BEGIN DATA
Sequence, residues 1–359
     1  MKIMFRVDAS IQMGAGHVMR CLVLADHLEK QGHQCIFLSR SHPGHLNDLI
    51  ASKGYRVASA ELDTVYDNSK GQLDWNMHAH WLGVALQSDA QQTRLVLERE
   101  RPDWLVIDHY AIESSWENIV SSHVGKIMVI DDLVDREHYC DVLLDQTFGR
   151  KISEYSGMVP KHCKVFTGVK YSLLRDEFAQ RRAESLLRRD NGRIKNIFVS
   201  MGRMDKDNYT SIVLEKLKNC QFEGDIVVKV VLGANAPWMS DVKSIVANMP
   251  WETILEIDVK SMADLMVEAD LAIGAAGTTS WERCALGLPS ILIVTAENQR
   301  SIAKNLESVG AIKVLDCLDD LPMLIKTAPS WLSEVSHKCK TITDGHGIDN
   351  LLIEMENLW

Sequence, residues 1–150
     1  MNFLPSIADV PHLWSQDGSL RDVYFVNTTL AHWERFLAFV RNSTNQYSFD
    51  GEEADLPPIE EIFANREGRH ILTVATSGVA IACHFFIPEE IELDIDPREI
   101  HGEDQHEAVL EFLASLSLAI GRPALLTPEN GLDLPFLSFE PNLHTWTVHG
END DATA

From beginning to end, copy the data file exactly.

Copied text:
Sequence, residues 1–359
     1  MKIMFRVDAS IQMGAGHVMR CLVLADHLEK QGHQCIFLSR SHPGHLNDLI
    51  ASKGYRVASA ELDTVYDNSK GQLDWNMHAH WLGVALQSDA QQTRLVLERE
   101  RPDWLVIDHY AIESSWENIV SSHVGKIMVI DDLVDREHYC DVLLDQTFGR
   151  KISEYSGMVP KHCKVFTGVK YSLLRDEFAQ RRAESLLRRD NGRIKNIFVS
   201  MGRMDKDNYT SIVLEKLKNC QFEGDIVVKV VLGANAPWMS DVKSIVANMP
   251  WETILEIDVK SMADLMVEAD LAIGAAGTTS WERCALGLPS ILIVTAENQR
   301  SIAKNLESVG AIKVLDCLDD LPMLIKTAPS WLSEVSHKCK TITDGHGIDN
   351  LLIEMENLW

Sequence, residues 1–150
     1  MNFLPSIADV PHLWSQDGSL RDVYFVNTTL AHWERFLAFV RNSTNQYSFD
    51  GEEADLPPIE EIFANREGRH ILTVATSGVA IACHFFIPEE IELDIDPREI
   101  HGEDQHEAVL EFLASLSLAI GRPALLTPEN GLDLPFLSFE PNLHTWTVHG